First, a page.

# Is it possible to factor y=x^3 + 4x^2 - x ? If so, what are the factors?

Dec 20, 2015

Yes, with irrational coefficients:

${x}^{3} + 4 {x}^{2} - x = x \left(x + 2 - \sqrt{5}\right) \left(x + 2 + \sqrt{5}\right)$

#### Explanation:

Separate out the common factor $x$ of the terms, complete the square then use the difference of squares identity to finish.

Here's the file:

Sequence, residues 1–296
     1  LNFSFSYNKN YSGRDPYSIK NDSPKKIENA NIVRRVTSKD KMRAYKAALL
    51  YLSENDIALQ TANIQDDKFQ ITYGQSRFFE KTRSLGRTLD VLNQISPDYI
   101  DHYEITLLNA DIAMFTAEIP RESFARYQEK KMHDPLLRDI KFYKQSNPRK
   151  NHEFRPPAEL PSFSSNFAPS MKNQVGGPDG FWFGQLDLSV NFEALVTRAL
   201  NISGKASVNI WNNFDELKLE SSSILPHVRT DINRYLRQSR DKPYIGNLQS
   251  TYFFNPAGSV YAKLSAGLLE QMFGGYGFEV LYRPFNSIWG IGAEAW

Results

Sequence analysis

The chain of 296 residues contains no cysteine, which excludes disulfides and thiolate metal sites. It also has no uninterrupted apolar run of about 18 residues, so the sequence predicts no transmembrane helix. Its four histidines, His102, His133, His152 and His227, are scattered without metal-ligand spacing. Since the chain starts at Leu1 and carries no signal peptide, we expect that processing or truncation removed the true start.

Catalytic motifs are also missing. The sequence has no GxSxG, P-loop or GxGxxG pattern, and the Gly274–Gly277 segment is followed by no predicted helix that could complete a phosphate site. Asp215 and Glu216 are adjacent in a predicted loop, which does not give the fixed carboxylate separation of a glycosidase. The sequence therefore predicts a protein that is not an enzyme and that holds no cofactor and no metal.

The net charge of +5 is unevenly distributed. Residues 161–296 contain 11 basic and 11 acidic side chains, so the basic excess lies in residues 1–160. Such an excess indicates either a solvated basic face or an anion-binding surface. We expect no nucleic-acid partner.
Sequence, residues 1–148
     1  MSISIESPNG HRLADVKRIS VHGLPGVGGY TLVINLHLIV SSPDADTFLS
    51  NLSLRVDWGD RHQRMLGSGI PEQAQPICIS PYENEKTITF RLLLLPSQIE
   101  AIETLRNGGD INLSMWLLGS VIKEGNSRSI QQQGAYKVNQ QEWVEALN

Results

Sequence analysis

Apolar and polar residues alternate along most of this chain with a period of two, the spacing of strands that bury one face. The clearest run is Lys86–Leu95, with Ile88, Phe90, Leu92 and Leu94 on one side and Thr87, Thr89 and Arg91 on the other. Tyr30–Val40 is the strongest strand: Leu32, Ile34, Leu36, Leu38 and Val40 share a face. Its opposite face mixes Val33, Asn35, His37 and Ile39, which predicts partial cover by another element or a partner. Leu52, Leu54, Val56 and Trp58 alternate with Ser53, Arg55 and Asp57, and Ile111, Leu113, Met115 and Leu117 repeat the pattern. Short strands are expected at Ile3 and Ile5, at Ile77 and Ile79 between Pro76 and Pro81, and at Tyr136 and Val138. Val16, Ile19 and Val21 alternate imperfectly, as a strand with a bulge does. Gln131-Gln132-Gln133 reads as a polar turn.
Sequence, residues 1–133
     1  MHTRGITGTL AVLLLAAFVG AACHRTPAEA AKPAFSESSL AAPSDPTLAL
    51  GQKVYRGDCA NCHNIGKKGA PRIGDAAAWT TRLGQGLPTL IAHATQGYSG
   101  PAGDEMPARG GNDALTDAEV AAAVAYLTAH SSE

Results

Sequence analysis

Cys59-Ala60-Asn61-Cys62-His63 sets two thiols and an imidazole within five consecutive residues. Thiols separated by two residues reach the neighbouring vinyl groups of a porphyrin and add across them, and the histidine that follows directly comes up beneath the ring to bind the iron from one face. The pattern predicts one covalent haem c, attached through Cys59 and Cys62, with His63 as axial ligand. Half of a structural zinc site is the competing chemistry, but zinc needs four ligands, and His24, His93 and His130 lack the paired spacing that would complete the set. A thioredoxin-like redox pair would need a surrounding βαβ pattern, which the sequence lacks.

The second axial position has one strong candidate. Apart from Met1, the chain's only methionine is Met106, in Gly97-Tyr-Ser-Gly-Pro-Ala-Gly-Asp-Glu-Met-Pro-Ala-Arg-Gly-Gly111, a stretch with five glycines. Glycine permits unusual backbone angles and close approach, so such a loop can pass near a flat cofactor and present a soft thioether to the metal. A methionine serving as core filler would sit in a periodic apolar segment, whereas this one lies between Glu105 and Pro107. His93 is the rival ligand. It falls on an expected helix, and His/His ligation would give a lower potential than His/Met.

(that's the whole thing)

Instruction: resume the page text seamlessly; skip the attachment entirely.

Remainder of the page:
The difference of squares identity can be written:

${a}^{2} - {b}^{2} = \left(a - b\right) \left(a + b\right)$

We use this below with $a = \left(x + 2\right)$ and $b = \sqrt{5}$

So we find:

${x}^{3} + 4 {x}^{2} - x$

$= x \left({x}^{2} + 4 x - 1\right)$

$= x \left({x}^{2} + 4 x + 4 - 5\right)$

$= x \left({\left(x + 2\right)}^{2} - {\left(\sqrt{5}\right)}^{2}\right)$

$= x \left(\left(x + 2\right) - \sqrt{5}\right) \left(\left(x + 2\right) + \sqrt{5}\right)$

$= x \left(x + 2 - \sqrt{5}\right) \left(x + 2 + \sqrt{5}\right)$